During a wonderful conversation I had this morning it struck me (once again) why I have such trouble fitting in even with interfaith groups: I am not a believer.
I don’t believe religions are of divine origin; I don’t believe theologies tell us anything about God (though they may tell us a lot about the humans who invent and adhere to them); I don’t believe scriptures are written or revealed by God; and I don’t believe the claims a religion makes about itself are anything more than self-serving marketing slogans.
I do believe all beings are manifestation of a singular Reality I call God; I do believe that we can realize this Reality in, with, and as ourselves through a variety of contemplative practices found in all of the world’s religions; I do believe that when we realize the Divine this way we move beyond religion to a state of open-hearted compassion and hard-headed justice and reason; and I do believe each of the world’s religions and all of their sacred texts contain timeless truths, but that these truths have to be culled out from a lot of time-bound bias and religious propaganda.
My beliefs make it impossible for me to hold “the Jewish line” on anything. Certainly I can challenge misinformation about Jews and Judaism, but I cannot personally assert that the Jews are the Chosen People or that the Torah is the one true revelation, or that Israel is the Promised Land (though I can explain why many Jews do believe these things). As the only rabbi in an entire county, however, I am expected to believe things I have long since abandoned. And when I don’t it is very confusing to people.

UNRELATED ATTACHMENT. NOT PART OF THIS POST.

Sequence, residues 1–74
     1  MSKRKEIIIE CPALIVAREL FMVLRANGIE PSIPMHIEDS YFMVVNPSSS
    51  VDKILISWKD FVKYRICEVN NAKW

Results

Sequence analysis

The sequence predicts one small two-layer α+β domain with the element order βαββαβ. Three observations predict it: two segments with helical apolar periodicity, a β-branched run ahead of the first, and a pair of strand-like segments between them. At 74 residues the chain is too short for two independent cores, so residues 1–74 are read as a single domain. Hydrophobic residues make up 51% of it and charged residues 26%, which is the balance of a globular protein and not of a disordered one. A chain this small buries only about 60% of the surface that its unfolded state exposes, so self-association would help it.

I love Judaism as a civilization of argument and doubt; I love its iconoclasm; I love its capacity to hold multiple and conflicting meanings on issues of doctrine, practice, text, and life; I love that Judaism is at home with paradox; but what I love about my people and our civilization is so very hard to get across to those who expect all faiths to be fundamentally creedal: We Jews believe “X;” I’m a Jew therefore I must believe “X” as well, and if I don’t I am no longer a Jew.
It is difficult, perhaps impossible, for a Christian or a Muslim to deny the divinity of Christ or the authenticity of the Qur’an and still be a Christian or a Muslim. But Jews have been denying the truth claims of Judaism for centuries and still cling to being Jews. I refuse to abandon my people or our civilization, but I wish it were easier to explain the nature of the Jewish mindset.